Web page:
I am telling you that you are making a fundamental mistake. If a country can be sacred, if there is sanctity in earth and stones, then isn’t it clear that a fortiori there is sanctity in man – whether Arab or Jew – who was created in God’s image? Don’t you understand that there is no “portion of God from above,” as Job described it, in furrows of earth, but that there certainly is in peaceful Palestinians?

Do you have any idea how great that “portion of God” is in Col. Ran Kahane, the commander of the Ephraim Brigade, and in each and every one of his soldiers, who daily risk their lives to defend yours and those of your families from the terrorists who are working to take them? How do you dare to desecrate these holy people? How did it enter your minds to take on the role of our enemies, the terrorists? How did your love of the land become so distorted that it turned into love of bricks and cement and caused you to forget all the rest?

You did not throw stones at me, and still you have mortally wounded me. You have stolen from me one of the assets most sacred to me. I love the Land of Israel with all my heart and all my might. I left the United States, my birthplace, to help to build my beloved city of Efrat and to be built up in it. Wherever and whenever I speak – and I have had the privilege of appearing and speaking all over the world – I present myself as a “proud settler.” And you have robbed this pride from me. You have turned the term “settler” into a dirty word. You have caused me to be ashamed of being a settler, to be ashamed to be called by the same name as those whose love for the land has turned into hatred of human beings.

The Torah is filled with the praises of the Land of Israel, but it never commands us to “love” the land. It commands us to “love thy neighbor as thyself” (Leviticus 19:18 ). And since the following words, the words that end that verse, are “I am the Lord,” the medieval commentator Abraham Ibn Ezra explains that “thy neighbor” in that context is every human being created in the image of God.

There is a direct and tragic connection between those who perpetrate “price tag” activities against Arabs and those who participate in attacks on the IDF. Shimon and Levi, two of the sons of Jacob, murdered all the men of Shechem, an act of collective revenge that did not distinguish between the guilty and the innocent. They ended up harming their own brother, Joseph, for, according to a midrash, or rabbinic tale, they were the motivating force behind his sale to Egypt.

Please, change your minds and repent, before it’s too late. Don’t sell your souls, your portion of God from above, even in exchange for our holy land. (more…)

A number of friends have written to me in recent days asking for my perspective on the latest violence by Jewish residents of Judea and Samaria (aka ‘settlers’) against members of the Israel Defense Forces. And at first my reaction was, What is there to say? My rabbinic association, the International Rabbinic Fellowship, issued a condemnation of the ‘Price Tag’ phenomenon. And beyond that, I’m not sure there’s much for me to add: I’m not a citizen of Israel, and every sane person in Israel is saying the same thing: these people are criminals, they should be prosecuted to the fullest extent of the law, and let justice be done.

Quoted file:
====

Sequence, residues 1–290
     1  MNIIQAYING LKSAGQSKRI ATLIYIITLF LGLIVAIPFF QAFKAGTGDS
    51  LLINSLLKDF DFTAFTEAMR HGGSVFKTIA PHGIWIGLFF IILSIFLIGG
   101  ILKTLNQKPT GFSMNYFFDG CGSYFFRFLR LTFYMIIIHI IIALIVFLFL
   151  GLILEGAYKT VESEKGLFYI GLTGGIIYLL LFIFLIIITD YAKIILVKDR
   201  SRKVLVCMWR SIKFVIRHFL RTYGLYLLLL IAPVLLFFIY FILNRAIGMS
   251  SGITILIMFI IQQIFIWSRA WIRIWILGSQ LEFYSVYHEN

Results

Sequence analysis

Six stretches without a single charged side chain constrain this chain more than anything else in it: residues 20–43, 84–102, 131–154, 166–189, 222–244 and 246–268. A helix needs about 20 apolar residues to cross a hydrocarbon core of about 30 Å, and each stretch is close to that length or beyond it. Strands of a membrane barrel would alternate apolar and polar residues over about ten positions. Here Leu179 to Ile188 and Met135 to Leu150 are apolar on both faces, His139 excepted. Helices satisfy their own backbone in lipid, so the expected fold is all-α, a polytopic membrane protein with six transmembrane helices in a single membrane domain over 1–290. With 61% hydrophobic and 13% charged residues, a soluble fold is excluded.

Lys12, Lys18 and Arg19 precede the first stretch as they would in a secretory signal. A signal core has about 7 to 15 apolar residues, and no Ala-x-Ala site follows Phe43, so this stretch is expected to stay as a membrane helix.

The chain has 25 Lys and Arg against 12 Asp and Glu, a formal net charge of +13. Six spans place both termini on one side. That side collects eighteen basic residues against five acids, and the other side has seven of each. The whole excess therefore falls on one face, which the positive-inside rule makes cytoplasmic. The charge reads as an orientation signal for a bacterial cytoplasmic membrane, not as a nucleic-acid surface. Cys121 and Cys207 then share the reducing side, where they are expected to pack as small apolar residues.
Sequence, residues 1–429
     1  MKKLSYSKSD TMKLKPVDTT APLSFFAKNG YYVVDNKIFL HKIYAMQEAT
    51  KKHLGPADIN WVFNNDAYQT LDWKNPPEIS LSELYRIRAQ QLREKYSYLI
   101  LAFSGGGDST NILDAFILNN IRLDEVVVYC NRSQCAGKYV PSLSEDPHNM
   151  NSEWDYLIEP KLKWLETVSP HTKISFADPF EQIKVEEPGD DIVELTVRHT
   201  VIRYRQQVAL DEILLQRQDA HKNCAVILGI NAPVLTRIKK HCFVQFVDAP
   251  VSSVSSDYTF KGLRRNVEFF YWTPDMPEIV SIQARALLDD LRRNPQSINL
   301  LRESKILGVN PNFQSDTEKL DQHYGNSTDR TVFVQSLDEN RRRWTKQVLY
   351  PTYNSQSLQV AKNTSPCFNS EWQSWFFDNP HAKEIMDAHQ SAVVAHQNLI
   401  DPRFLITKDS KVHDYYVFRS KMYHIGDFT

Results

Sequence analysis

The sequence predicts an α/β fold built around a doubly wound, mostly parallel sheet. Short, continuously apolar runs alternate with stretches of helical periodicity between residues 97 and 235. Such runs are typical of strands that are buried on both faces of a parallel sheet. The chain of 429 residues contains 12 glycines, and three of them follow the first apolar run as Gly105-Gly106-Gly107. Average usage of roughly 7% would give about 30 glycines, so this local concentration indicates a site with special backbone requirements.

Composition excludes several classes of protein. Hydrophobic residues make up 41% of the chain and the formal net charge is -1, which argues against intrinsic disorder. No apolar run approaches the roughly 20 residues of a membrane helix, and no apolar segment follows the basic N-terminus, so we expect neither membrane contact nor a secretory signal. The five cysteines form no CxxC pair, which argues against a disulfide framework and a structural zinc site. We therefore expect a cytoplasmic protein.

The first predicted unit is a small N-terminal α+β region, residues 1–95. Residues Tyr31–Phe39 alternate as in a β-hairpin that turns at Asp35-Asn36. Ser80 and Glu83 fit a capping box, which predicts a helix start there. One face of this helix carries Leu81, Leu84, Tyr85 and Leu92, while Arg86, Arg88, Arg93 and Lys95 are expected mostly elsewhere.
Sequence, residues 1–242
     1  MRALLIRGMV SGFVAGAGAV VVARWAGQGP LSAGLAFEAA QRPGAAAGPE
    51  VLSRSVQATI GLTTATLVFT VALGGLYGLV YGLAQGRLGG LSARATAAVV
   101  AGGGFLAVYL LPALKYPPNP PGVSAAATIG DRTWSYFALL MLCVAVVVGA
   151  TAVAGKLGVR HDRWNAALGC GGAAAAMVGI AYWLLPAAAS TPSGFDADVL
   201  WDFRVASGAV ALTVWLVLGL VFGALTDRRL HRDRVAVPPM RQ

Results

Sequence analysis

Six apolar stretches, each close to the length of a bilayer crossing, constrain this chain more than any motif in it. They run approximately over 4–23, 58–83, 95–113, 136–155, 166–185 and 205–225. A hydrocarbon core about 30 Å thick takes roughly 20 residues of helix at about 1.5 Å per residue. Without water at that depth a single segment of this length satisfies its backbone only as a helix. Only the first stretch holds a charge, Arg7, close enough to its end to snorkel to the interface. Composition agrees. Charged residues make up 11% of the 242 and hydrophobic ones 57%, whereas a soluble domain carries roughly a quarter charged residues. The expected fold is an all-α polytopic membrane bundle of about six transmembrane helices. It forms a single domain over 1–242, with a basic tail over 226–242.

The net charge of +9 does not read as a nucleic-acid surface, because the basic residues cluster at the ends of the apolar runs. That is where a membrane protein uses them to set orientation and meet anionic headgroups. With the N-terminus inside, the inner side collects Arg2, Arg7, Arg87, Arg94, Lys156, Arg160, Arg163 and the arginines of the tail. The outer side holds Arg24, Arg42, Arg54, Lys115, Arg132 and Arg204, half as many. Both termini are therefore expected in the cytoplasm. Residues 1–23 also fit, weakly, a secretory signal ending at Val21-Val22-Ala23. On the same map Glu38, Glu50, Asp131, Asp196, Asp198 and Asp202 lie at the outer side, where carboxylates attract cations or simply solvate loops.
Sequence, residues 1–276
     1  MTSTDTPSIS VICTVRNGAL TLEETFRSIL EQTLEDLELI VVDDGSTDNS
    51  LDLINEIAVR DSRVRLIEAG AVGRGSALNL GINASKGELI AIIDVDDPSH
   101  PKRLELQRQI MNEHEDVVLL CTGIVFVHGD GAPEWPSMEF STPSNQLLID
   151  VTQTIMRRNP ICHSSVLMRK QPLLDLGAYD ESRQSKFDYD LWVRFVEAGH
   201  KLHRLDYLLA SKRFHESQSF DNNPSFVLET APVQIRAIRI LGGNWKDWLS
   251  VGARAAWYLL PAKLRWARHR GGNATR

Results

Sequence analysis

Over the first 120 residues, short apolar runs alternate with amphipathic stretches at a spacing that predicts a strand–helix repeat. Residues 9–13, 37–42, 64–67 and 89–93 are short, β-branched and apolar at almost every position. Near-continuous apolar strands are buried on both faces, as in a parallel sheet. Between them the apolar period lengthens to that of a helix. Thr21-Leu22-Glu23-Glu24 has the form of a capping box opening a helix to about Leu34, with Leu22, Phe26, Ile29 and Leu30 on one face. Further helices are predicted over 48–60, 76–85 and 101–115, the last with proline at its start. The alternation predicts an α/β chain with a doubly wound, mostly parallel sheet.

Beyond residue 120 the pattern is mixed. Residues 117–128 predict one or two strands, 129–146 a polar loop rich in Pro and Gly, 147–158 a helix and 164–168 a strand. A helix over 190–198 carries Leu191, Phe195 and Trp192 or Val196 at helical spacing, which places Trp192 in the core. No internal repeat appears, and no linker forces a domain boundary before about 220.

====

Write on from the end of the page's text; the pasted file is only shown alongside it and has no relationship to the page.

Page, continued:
But that’s not what the people who wrote to me want, I suspect. What prompts them to write is a deeper challenge to their own identity as American Jews.

Last week I taught a session on Israel’s Declaration of Independence for heads of central agencies of Jewish education that was sponsored by the iCenter. Anne Lanski, president of the iCenter, began the session by asking everyone to introduce themselves by sharing what connects them with Israel. Some in the room were Israelis by birth. Most had lived in Israel for one or more long-term stays. Nearly all had traveled to Israel in the past year.

When it came to me, I responded that what connects me to Israel is that not a day goes by that I don’t ask, “Why haven’t I made aliyah?” This is one of the great unresolved questions in my life and in the marriage that Natalie and I share. Both of us feel a fundamental desire to live in Israel, to be ‘full Jews’ in the sense that A.B. Yehoshua talks about: enabling our Jewish identity, which is central to our lives, to achieve full expression in the way we actually live. The reasons we’re not there are many and complicated. When children are in the picture, when parnassa (livelihood) is in question, it’s not so simple. But the desire burns every day, and virtually every night before we go to bed Natalie and I have the conversation that begins, “Why don’t we live in Israel?” Ani bama’arav v’libi bamizrach.

In his infamous speech to the American Jewish Committee a few years ago, A.B. Yehoshua pointed out that the State of Israel has a relationship not only with its citizens, but with all Jews as a result of the statement in Megillat Atzma’ut (the Declaration of Independence): “The State of Israel will be open for Jewish immigration and for the Ingathering of the Exiles.” This statement achieved expression in the Law of Return. And as a result, even though I am not a citizen of the State, I am a potential citizen. Ahad Ha’Am put it less politically in his formulation, in which Israel would be the spiritual center of Jews worldwide. I feel this every time I face east to daven, and in the central role that Israel plays in so many other aspects of my life, from the publications that I read to the TV shows I watch (S’rugim, Avodah Aravi) to what my children ate for dinner last night (Tival veggie burgers).

All of which is to say that Israel matters to me, deeply. It is impossible for me to imagine my Jewishness apart from Israel. It is impossible for me to imagine not wanting to be in Israel. It is impossible to imagine feeling fully at home in a Diasporic existence, even in a place as full of blessings as America. For me, the fact that when I get a latte in Israel they write yom tov in Hebrew in the foam–I can’t feel more at home than at that moment.